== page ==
Lawrie Cherniak

  • Women in Trouble

    Connecting Women’s Law Violation to their Histories of Abuse

    By Elizabeth Comack     January 1996

    This book addresses one of the more alarming findings to emerge about women in prison: the fact that 80 percent report histories of physical and sexual abuse.

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  • The Socialist Register 1996

    Are There Alternatives?

    Edited by Leo Panitch     January 1996

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  • Smoke Screen

    Women’s Smoking and Social Control

    By Lorraine Greaves     January 1996

    Smoke Screen looks at the range of ways in which tobacco affects women: the evolution of cultural pressures on women’s smoking; the meanings of smoking to women; the benefits for socities of keeping women smoking; and the impact of health and tobacco policy on women’s smoking prevention and cessation.

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  • The Politics of Community Services (second edition)

    Immigrant Women, Class and the State

    By Roxana Ng     January 1996

    “Students like it a lot. It is readable, although it offers a complex argument. It is practical and speaks to experiences that many (students) have had. It offers a model of what an empirical study using social organization of knowledge looks like.”-Marie Campbell, Social Work, University of Victoria

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  • Outsider Blues

    A Voice from the Shadows

    By Olivia Rovinescu and Clifton Ruggles     January 1996

    “The articles that appear in this book originate in the shadows-those marginal spaces that black people have been forced to inhabit ever since the first slaves reached the shores of North America.” Ruggles tells us that “Black is more than just a racial category, it’s a way of viewing the world.” It is out of this set of eyes that Clifton Ruggles writes a column in the Montreal Gazette. This book is a collection of those columns and of Ruggles’ photographs, which visually illustrate the “Black” experience. He tells stories of Black people’s everyday lives, provides non-stereotypical role models, details their contributions to culture, politics and so on-stories which are often either ignored or underplayed. Among the photographs are two photo essays, one autobiographical and one entitled Shadowlands. The book also includes an article by Olivia Rovinescu entitled “Deconstructing Racism.”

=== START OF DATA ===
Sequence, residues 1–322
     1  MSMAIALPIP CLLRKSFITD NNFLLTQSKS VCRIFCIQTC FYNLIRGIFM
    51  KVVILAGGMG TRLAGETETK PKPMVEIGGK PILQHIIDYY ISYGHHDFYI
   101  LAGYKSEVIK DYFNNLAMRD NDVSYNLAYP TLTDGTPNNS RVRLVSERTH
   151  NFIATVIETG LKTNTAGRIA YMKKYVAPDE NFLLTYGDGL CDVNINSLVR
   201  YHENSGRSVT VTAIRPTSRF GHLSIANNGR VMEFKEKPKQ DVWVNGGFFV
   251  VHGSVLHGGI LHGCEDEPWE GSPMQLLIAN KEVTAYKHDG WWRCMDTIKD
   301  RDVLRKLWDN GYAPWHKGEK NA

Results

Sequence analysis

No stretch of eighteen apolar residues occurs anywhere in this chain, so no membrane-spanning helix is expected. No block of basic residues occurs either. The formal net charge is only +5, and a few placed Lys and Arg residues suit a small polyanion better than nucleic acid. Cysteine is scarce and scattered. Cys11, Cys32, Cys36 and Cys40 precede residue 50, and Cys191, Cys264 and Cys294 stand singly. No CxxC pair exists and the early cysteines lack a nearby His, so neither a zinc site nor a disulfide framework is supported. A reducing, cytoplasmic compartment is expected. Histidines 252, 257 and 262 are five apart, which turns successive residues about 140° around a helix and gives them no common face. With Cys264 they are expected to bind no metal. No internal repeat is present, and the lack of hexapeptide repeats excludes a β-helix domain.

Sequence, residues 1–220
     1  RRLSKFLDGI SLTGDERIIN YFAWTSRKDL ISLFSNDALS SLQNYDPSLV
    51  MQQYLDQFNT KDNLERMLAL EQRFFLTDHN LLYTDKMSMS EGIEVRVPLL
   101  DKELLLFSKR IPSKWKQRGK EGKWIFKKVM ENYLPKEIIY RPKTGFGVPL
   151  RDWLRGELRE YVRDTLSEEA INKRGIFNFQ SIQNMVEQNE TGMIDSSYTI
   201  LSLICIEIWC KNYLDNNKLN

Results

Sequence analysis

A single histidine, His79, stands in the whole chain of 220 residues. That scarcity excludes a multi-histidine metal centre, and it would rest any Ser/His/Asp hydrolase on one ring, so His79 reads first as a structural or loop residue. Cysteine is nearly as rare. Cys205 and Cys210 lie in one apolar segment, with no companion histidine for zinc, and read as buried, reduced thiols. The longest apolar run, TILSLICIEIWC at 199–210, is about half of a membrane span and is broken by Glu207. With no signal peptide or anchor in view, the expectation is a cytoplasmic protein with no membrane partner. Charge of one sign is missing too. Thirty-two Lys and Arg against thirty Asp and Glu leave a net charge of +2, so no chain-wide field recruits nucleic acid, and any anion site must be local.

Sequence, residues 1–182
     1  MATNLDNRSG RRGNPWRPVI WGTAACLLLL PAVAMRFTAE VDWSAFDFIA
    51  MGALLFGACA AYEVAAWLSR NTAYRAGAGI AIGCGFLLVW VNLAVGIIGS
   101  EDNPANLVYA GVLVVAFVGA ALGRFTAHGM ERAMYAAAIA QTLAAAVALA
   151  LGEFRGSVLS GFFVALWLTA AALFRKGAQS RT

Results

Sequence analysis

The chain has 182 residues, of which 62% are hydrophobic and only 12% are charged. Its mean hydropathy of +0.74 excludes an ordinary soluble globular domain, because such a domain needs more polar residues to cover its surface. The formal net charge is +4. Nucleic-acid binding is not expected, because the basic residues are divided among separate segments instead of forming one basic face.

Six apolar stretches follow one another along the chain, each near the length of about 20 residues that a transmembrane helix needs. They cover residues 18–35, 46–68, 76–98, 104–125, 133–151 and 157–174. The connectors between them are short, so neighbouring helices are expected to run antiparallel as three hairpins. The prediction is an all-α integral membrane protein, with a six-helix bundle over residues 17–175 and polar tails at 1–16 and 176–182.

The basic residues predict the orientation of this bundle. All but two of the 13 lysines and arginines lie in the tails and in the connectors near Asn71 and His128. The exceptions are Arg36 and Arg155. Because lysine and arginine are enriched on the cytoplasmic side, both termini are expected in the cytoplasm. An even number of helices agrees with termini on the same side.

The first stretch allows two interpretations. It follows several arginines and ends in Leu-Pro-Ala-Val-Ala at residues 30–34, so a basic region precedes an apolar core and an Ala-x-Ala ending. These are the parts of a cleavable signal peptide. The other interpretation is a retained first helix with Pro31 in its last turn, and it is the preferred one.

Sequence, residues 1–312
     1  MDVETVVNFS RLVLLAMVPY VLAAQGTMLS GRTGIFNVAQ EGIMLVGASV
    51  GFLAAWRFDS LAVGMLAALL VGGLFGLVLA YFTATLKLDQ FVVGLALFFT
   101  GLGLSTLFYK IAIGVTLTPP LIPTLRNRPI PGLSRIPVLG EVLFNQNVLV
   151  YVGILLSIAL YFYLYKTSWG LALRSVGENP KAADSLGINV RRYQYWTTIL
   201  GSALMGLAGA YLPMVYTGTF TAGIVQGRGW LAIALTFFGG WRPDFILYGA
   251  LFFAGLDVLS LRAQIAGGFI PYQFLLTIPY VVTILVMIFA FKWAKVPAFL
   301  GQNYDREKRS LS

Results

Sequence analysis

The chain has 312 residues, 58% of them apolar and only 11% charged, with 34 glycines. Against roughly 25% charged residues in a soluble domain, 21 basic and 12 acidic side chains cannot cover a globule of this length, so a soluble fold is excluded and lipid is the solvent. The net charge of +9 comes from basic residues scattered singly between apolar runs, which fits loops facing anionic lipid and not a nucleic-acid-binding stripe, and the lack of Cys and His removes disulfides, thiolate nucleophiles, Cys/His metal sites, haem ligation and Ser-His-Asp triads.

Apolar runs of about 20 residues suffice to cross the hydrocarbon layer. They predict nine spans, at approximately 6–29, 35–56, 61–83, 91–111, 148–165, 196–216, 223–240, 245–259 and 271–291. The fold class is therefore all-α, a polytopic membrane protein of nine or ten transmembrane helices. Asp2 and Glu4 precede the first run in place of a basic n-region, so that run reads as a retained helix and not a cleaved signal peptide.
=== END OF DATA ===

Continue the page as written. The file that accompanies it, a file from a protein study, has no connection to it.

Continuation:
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  • Muriel Duckworth

    A Very Active Pacifist

    By Marion Douglas Kerans     January 1996

    “Muriel is an extraordinary woman whose life and work has enriched many-through her faith and her practice. A feminist, a pacifist and a compassionate Canadian, her life is an example of what love and selfless intelligence can do.”-Ursula M. Franklin C.C. FRSC

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  • Deadlines and Diversity

    Journalism Ethics in a Changing World

    Edited by Valerie Alia, Brian Brennan and Barry Hoffmaster     January 1996

    The authors in this collection have first-hand knowledge of what it means to be journalists in today’s world. They address issues-coverage of the arts, sports, First Nations, and the evolution of journalism in Quebec-which have received scant attention in other texts.

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  • Banking on Deception

    The Discourse of the Fiscal Crisis

    By Thom Workman     January 1996

    Through the discourse of the fiscal crisis the proponents of the neo-liberal agenda deceive Canadians by presenting this agenda as the only rational alternative. Workman discusses the success of this appeal to common sense, analyzing how it resonates positively within the Canadian cultural context.

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  • Anti-Racism Education

    Theory and Practice

    By George Dei     January 1996

    Dei argues that analyzing the intersections of race, class, gender and sexual oppression is essential if we are to fully address educational equity, social justice and change. He examines how we can value our differences while equitably sharing power, and discusses ways to counter the reproduction of societal inequalities in our schools.

  • Thin Ice

    Money, Politics and the Demise of an NHL Franchise

    By Jim Silver     December 1995

    Thousands of Winnipegers rallied on the streets while corporate businessmen fought each other behind closed doors. Information was manipulated. Arms were twisted. Politicians capitulated. Adults wept on open-line radio shows. Children broke open their piggy banks. This was the campaign to keep the NHL’s Jets from leaving Winnipeg. The book is about hockey, but it is not about The Game. It is about the business of hockey and how changes in this business are threatening the games survival in Canada. And while the story is set in Winnipeg it is not about a single city. Given the new corporate-driven, continental business of NHL hockey, this story will almost certainly be played out in other Canadian cities.